Pennsylvania Department of Environmental Protection (PADEP) Secretary Mike Krancer announced today that Cosmo Servidio, a businessman and former chief of staff to the United States Environmental Protection Agency’s (USEPA’s) Region II administrator, joined the agency on April 9 and will become the agency’s Southeast regional director when Joe Feola retires July 2.
“Cosmo has great experience in the public and private sectors and he brings a track record of creative problem solving of complex environmental regulatory and policy matters to us at PADEP,” Krancer said. “He is also very accomplished at working with all stakeholders in the process. We are delighted to welcome him to our team.”
Servidio will work closely with Feola for the next three months.
“Even before I came to PADEP, I had the pleasure of knowing and working with Joe for many years and he is terrific,” Krancer said. “He has been a tremendous asset to PADEP for many years at many levels.”
In addition to his work at USEPA, Servidio served in high-level roles with the Port Authority of New York and New Jersey, New Jersey Meadowlands Commission and the administration of former New Jersey Gov. Christine Todd Whitman. After his first stint in public service, he entered the private sector in government relations with State Street Partners, and he is now vice president of global insurance broker Willis Group Holdings North America in Morristown, NJ.
Feola has served the commonwealth for 43 years. He worked as regional director for 15 of his 41 years with PADEP and prior to that, worked for the Department of Health and the Liquor Control Board.
During Feola’s tenure as director, the region saw significant gains in protection of its waterways. Following a 2006 pollution incident caused by Merck and Co. that created a massive fish kill in the Wissahickon Creek, Feola directed $4.5 million in state settlement funds toward the protection of land within its highly urbanized watershed. That funding played a significant role in enabling the Whitemarsh Foundation to purchase approximately 100 acres of Erdenheim Farm in Montgomery County and prevent its development. Also under Feola’s direction, the region took part in cleaning up more than 1,400 brownfield sites, including contaminated riverfront properties in Bucks, Philadelphia, Montgomery and Delaware counties that were later developed. Former industrial sites along the Delaware River were given new lives as an industrial port complex in Falls Township; condos in Bristol; the Navy Yard and Sugarhouse Casino in Philadelphia; and a major-league soccer stadium in Chester. New Philadelphia Phillies’ and Eagles’ stadiums were also created from former brownfields under Feola’s leadership.
The director of PADEP’s Southeast region manages the Waste Management, Air Quality, Radiation Protection, Environmental Cleanup and Brownfields Development, Clean Water, Safe Drinking Water, Waterways and Wetlands and Emergency Response programs for Bucks, Chester, Delaware, Montgomery and Philadelphia counties.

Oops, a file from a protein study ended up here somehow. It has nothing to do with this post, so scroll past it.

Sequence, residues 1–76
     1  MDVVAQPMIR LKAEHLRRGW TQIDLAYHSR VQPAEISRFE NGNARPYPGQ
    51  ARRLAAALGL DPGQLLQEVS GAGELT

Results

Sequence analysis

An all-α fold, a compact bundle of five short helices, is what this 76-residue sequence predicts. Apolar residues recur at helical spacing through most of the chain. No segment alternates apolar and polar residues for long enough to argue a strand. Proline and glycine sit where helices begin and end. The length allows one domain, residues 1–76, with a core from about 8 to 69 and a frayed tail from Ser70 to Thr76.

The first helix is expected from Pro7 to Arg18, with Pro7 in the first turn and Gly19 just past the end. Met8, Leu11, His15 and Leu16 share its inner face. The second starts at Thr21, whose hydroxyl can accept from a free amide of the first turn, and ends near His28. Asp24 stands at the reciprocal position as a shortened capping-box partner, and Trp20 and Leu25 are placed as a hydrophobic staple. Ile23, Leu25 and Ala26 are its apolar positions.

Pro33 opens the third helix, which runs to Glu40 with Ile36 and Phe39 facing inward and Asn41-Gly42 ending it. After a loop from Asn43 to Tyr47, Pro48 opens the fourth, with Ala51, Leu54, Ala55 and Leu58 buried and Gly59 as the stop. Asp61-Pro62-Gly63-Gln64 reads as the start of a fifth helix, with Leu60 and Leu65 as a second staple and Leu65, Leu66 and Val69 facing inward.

“This permit encourages recycling of wastewater by providing regulatory clarity, consistency and predictability,” said PADEP Secretary Mike Krancer. “This permit replaces three existing general permits, which will improve efficiency and better protect our waterways.”
The revised Residual Waste Beneficial Use general permit (WMGR123) encourages using the closed-loop process, which is the reuse of liquid waste after it has been treated or processed. In this case, the liquid waste includes brine, flowback water, drilling muds and stormwater.
The permit applies to oil and gas sites and other related infrastructure. This kind of reuse minimizes water withdrawals and impacts on Pennsylvania’s valuable water resources.
The revised permit consolidates into one — and renders redundant — three existing general permits, WMGR119, WMGR121 and WMGR123.
The revised permit also establishes water quality criteria that, if met, allow the processed water to be managed, stored and transported as freshwater. Facilities will test regularly for 39 constituents, including strontium, barium, total dissolved solids and radiation, in order to demonstrate that the processed wastewater meets the freshwater criteria. The criteria are based on drinking water standards and in-stream water quality standards. The permit specifies that the processed wastewater may only be used to develop or hydraulically fracture an oil or gas well.
Wastewater that does not meet the freshwater criteria must continue to be managed, stored and transported as residual waste, a classification of industrial waste. Storage of such waste must take place in tanks or impoundment pits that use liners, leak detection monitoring and other measures to contain any spills, leaks or overflows.
There are 10 facilities operating under the prior general permits for processing and beneficially using oil and gas wastewater. These facilities will continue to operate under the new permit. Ten additional facilities have pending permit applications with PADEP.
The agency published a draft version of this permit for public comment in August 2011. The revised permit was developed after considering approximately 80 comments submitted in response.
For more information, visit www.dep.state.pa.us.